During the month of Ramadan, the Charter for Compassion – Pakistan is celebrating acts of compassion in everyday life. Here at ThinkChange Pakistan, we thought we’d put a different spin on it and look at the role compassion plays in inspiring and motivating social entrepreneurs.

Ambreen Rahman (GreenRoshni):

I grew up without a father, my mother suffered from PSTD (post-traumatic stress)
and our family lacked financial security. Despite these hardships I was able to advance in life based on the compassion and trust of others-from relatives, to teachers, to government and institutional policies and approaches that enabled me to realize my goals.

My desire to work with underprivileged populations – by teaching children in one of the poorest neighborhoods in NYC, or by working with rural indigenous communities in neglected areas of  Pakistan or with youth in prison in Texas – is closely tied to the compassion I received in my life and my desire to provide others with a similar helping hand.

Khalida Brohi (Sughar – TC-P coverage):

For me compassion (not sympathy) have been the core of my stepping against my own tribal customs. I haven’t understood yet why, but living among people in pain and women under strict laws my life have been different in every aspect from them. I got freedom, education, opportunities to speak out my heart and to make decisions regarding my life…All this when leading me to a future different then all the other girls in my community actually led me to a feeling that I would never forget. And that was compassion for those around me who were less fortunate and then to get me back to my community and strive to do anything to help them in their lives.

From my own life as well as from others, I have learned a great deal about compassionate people which is no matter who they are and where they are, if they have the right feelings and an extreme urge to help out people or to stop the suffering of others, they are capable of making the biggest change possible. Because then its not them but their passionate feelings taking charge and looking for every opportunity and every step around them to help achieve the goal they see.

As a child I was told I was supposed to wear others shoes to see how they felt but later I understood that compassion actually isn’t just about wearing their shoes its about taking the place of that person in pain from the very day we come across them until the day we are able to make this person happy again so it nudges us and makes us uneasy till we are able to do our best to heal their suffering a bit. I have had to take the places of thousands of girls and women around me, I still am, living with them in their spirits, with their feelings and in their frightened heart beats and I am trying my best every second to do anything that I can to bring the satisfaction that would prove that change is happening.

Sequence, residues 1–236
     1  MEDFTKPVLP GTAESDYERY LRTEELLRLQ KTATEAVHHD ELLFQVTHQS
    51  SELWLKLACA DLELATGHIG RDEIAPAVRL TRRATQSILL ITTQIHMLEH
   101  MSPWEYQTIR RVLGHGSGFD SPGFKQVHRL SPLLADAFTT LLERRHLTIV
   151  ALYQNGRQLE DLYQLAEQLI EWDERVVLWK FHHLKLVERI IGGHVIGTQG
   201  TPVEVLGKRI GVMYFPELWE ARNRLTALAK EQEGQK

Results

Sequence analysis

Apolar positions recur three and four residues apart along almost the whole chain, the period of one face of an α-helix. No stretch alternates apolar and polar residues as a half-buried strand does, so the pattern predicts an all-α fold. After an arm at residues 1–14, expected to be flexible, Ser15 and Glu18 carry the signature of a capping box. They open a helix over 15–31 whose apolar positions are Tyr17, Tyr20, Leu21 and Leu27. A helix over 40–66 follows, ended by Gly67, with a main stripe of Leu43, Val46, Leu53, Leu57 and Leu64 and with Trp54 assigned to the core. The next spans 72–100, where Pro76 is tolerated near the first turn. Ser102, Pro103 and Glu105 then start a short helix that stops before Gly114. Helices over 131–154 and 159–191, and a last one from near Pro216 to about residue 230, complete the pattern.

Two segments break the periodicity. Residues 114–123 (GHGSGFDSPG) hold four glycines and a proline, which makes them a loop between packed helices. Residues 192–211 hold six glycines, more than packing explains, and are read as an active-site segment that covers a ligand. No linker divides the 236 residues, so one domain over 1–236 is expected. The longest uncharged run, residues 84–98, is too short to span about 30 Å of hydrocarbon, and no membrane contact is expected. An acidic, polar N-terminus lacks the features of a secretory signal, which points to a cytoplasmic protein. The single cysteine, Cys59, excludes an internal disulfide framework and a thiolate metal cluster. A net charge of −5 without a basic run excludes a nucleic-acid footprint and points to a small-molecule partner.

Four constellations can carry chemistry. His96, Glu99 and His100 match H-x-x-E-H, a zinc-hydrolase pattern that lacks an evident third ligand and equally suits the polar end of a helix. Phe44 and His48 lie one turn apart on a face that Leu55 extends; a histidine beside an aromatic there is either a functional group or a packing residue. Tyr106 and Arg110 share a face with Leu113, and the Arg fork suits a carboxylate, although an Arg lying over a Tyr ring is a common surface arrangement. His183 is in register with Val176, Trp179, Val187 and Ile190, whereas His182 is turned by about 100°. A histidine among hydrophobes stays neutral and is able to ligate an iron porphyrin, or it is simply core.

Zehra Ali (Ghonsla – TC-P coverage):

The urge one feels to improve lives of those affected by a social problem, is rooted in compassion. Compassion opens a window for most individuals to be moved to an extent that they wish to challenge the status quo and seek opportunity even in adversity. One can even say that it is a key ingredient for innovating and being committed to impact.

At Ghonsla compassion drives our vision for providing insulation to increase the quality of life for people at every level of society, conserve precious environmental resources and create opportunities for micro-entrepreneurship to empower others. When leading an organization, it provides the platform to engage with others in a way that is inclusive and based in trust. Our success lies not in the revenue we generate from the sales of the insulation but the value that we create for our customers, partners, employees and communities.

Saba Gul (BLISS – TC-P coverage):

I am really disturbed by the social disparities in Pakistan, and by the contrast between myself and millions of underprivileged girls who will never get a basic education. Having been fortunate enough to attend one of the best schools in the US, I feel a deep sense of compassion when I hear the numerous stories of girls who make unimaginable sacrifices to attend school — masking themselves as a boy, losing a family member to extremist entities that opposed female education, engaging in laborious, exploitative work to generate an income.

I’m driven by a world vision – that of no girl left behind, of every young girl able to define the course of her own life.  Compassion guides me in my work every day, in making decisions that best serve the beneficiary communities, in refining our model as we better understand their needs, and in relating their struggles and dreams to those who want to help.

In part, my motivation for choosing this life-path is my love for the work – it’s real, it’s meaningful, it’s gratifying, and I get inspired every single day by the courageous girls I work with and for.

To those of you out there – how does compassion inspire you?
While you’re at it, submit your story to the Charter for Compassions’ Acts of Compassion competition, and you may have a chance at a year of school fees being donated in your name for an underprivileged child.